application/business) /formal
and informal letters to the press/
curriculum vitae and covering letter/
obituary/agenda and minutes of
meeting

Duration: 4 hours

Focus on:

1 and 2

Process writing Planning, drafting,


revising, editing, proof-reading and
presenting
Language structures and
conventions
Register, style and voice
Word choice
Sentence construction
Paragraph writing
Punctuation and spelling
Format and features of chosen
text
Duration: 4 hours
Debate:
Features and conventions
Planning, researching, organising,
practising and presenting
Duration: 1 hour

Reading for comprehension:


Strategies using written texts:

Essay: 1 x reflective/discursive/
argumentative

See Section 3.2

Focus on:

Literature study

Process writing Planning, drafting,


revising, editing, proof-reading and
presenting

Duration: 4 hours

3 and 4

Language structures and


conventions
Register, style and voice
Word choice
Sentence construction
Paragraph writing
Punctuation and spelling
Format and features of chosen
text
Duration: 4 hours

CAPS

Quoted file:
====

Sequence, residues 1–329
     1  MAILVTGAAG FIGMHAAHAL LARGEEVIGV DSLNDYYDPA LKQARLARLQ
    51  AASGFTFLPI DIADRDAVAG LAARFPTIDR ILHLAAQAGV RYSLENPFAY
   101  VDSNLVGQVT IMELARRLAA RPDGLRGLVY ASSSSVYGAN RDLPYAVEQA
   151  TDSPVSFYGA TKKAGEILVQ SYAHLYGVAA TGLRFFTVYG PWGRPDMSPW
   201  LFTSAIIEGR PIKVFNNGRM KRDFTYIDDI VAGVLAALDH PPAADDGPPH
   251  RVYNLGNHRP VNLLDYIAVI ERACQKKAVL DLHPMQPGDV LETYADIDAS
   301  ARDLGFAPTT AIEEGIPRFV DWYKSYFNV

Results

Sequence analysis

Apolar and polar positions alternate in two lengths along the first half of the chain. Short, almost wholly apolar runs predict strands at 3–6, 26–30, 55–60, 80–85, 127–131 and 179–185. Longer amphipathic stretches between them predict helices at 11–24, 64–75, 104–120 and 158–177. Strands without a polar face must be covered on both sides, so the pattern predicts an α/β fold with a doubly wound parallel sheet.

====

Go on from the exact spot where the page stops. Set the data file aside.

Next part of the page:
53

ENGLISH HOME LANGUAGE GRADES 10-12


GRADE 11 TERM 1
Weeks

Listening and speaking


Listening for comprehension
(Informative, evaluative,
appreciative and interactive)
Duration: 1hour

Reading and viewing

Writing and presenting

Reading for comprehension:


Vocabulary development and
language use

Transactional texts: Report/


review/ newspaper article/
magazine article

Sentence structures

Focus on:

Literature study

Process writing Planning, drafting,


revising, editing, proof-reading and
presenting

Duration: 4 hours

Language structures and


5 and 6

conventions
Register, style and voice
Word choice
Sentence construction
Paragraph writing
Punctuation and spelling
Format and features of chosen
text
Duration: 4 hours
Prepared/Unprepared speech:
Public speaking techniques,
structure, and preparation process
Features and conventions
Planning, researching, organising,
practising and presenting
Duration: 1 hour

Interpretation of visual texts


e.g. adverts, cartoons, pictures

Transactional text: Speech/


dialogue/interview

Literature study

Focus on:

Duration: 4 hours

Process writing Planning, drafting,


revising, editing, proof-reading and
presenting
Language structures and

7 and 8

conventions
Register, style and voice
Word choice
Sentence construction
Paragraph writing
Punctuation and spelling
Format and features of chosen
text
Duration: 4 hours

54